The World of Goods: Towards an Anthropology of Consumption
When an anthropologist and an economist combine to write a book about consumption it is not a sermon against materialism, nor a moan against consumerism. The World of Goods, in this new edition with a new introduction, bridges a gap between what economists say about the specialized topic called consumption behavior, and what anthropologists know about why people want things. The economist assumes the desire for objects is an individual psychological urge. The anthropologist assumes objects are desired for giving away, or sharing, or fulfilling social obligations. Saying that consumption is for other people turns the whole subject on its head. Consumption is not a way of behaving that is added on after social patterns have been fixed. It is part of a way of life. When the Berlin Wall crumbled it was said to be falling before the East Germans' demand for Western consumer goods. It would be just as true to see their demand to live in a free society as the prime energizer for change, motor bikes, cosmetics and politics being just part of a package. This book offers a completely original way of thinking about consumption as a series of rituals. Consumption is making gestures for marking esteem, marking the calendar, marking identity, like the hall-marking of silver. Shopping is preparing for consumption rituals, or developing the infrastructure for them. The patterns of consumption show up the pattern of society. In a closed community spending is controlled by public scrutiny. We have consumerism because the frontiers of industrial democracy are open. We should watch the flow of goods if we want to understand what consumption is doing to the form of society.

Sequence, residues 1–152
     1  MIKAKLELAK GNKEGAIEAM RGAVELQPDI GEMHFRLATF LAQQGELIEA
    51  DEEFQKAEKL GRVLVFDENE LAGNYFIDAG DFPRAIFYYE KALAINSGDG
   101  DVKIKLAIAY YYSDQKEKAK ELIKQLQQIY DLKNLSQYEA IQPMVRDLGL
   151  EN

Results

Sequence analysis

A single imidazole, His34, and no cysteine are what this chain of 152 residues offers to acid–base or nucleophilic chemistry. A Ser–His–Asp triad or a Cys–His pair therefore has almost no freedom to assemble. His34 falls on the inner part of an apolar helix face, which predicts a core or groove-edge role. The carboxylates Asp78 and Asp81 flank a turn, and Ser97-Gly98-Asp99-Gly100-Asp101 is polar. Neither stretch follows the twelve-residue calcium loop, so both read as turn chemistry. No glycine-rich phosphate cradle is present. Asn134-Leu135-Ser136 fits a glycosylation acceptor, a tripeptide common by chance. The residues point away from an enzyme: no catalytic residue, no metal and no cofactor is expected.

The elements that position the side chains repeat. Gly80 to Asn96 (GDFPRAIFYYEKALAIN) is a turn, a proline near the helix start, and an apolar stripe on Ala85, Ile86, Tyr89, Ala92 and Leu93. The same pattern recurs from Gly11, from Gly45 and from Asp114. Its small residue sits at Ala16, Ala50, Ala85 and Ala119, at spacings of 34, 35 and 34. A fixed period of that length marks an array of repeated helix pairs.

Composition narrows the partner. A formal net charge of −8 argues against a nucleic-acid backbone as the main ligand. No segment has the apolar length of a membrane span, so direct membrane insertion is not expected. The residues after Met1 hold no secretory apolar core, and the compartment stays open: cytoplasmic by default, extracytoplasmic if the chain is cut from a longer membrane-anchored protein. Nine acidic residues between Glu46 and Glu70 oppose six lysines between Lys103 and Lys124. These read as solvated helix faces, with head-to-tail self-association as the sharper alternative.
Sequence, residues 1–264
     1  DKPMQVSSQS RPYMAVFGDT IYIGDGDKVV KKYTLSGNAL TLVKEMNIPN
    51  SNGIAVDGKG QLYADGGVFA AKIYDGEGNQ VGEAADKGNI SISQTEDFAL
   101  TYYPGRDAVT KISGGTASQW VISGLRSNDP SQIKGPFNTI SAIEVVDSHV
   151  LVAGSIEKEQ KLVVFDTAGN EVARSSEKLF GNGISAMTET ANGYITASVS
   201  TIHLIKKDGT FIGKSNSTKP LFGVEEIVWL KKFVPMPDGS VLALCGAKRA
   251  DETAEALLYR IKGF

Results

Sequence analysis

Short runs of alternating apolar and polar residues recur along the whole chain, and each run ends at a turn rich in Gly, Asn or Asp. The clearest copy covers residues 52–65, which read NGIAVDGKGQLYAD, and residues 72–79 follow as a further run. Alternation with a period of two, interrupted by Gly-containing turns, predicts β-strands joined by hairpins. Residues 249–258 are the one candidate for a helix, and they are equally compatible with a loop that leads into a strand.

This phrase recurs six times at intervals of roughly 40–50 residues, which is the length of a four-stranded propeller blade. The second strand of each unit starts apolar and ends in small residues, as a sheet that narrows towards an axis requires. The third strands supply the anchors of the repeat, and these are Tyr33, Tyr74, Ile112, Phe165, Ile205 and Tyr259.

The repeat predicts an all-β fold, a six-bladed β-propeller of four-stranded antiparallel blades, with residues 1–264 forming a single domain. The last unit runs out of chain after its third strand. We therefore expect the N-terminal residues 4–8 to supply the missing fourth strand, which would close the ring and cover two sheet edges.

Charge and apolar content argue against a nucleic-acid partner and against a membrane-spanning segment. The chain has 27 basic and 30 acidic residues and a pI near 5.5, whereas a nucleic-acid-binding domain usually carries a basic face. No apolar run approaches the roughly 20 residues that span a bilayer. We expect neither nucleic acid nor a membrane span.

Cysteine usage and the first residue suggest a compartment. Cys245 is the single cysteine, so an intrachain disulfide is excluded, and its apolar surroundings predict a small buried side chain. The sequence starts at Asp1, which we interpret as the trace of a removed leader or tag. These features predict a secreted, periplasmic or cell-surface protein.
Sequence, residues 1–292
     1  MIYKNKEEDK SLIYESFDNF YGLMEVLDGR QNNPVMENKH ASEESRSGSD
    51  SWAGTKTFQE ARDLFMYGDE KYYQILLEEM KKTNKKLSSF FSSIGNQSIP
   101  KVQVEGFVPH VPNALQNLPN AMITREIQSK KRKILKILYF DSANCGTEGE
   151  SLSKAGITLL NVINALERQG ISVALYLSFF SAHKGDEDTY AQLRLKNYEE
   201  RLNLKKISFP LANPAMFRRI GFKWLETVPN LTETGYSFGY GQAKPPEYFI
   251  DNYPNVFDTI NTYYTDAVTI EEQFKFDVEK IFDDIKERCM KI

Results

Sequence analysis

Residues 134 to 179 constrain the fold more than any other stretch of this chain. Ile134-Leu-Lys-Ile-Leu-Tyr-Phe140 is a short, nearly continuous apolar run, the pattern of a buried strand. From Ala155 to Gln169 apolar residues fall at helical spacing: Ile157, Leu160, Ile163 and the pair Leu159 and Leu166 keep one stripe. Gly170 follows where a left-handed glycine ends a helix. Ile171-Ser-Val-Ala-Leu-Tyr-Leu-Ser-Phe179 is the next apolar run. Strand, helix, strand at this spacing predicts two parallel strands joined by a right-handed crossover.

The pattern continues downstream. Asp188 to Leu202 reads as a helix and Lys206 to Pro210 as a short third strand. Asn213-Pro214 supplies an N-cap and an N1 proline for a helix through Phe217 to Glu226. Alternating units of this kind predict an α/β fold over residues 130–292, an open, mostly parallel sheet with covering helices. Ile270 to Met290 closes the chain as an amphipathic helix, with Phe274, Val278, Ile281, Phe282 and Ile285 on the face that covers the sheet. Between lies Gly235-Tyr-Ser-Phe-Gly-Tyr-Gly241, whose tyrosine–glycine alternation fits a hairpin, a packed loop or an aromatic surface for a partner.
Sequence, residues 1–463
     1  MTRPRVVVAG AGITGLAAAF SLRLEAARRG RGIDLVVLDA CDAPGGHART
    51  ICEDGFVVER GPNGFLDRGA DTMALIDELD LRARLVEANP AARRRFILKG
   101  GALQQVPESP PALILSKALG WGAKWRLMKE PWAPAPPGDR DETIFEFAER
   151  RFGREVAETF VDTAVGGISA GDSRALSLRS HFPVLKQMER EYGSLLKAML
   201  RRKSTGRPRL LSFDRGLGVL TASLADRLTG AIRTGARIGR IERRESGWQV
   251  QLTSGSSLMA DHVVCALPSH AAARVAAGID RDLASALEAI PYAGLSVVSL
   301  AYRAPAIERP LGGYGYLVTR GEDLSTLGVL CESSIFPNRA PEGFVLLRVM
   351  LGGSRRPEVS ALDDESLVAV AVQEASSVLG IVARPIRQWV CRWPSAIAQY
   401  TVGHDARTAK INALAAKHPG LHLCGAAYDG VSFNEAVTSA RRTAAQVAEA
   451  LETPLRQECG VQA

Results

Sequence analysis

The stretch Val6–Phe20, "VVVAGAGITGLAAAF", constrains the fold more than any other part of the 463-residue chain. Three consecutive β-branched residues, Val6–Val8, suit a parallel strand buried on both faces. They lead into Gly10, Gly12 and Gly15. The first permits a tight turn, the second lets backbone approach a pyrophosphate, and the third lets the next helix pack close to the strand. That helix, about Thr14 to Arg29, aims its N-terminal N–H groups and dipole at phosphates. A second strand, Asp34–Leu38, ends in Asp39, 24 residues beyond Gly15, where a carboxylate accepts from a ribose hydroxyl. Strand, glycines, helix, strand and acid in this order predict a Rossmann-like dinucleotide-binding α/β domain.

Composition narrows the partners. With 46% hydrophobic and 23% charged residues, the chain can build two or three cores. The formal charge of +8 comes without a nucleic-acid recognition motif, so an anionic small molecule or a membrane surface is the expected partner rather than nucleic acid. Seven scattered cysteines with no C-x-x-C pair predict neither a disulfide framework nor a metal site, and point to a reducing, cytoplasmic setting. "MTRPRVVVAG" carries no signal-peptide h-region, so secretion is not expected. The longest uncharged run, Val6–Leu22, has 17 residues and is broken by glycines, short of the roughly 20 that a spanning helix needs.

What people are saying - Write a review
We haven't found any reviews in the usual places.
Other editions - View all
Alan Budd analysis anthropologist approach argument capital choice commodities competitive composite commodity concept consumer consumer’s consumption activities consumption behavior consumption class consumption patterns consumption rituals costs countries culture defined demand developed distinction distribution drink Duesenberry earnings Econometrica economic economic anthropology economists Engel Curves envy ethnographic example exchange expected expenditure explain factor of production frequency Friedman grid higher household human idea individual industrial interest Kelvin Lancaster kind labor less London luxuries marking services marriage marry Mary Douglas means Milton Friedman objects ownership percent periodicities permanent income political poor potlatch poverty problem production proportion rank rational real income rich savings scale of consumption social class social environment social linkage society spending sphere standardized structure tastes telephone television tertiary sector theory of consumption things transactions wealth Weber’s women Yurok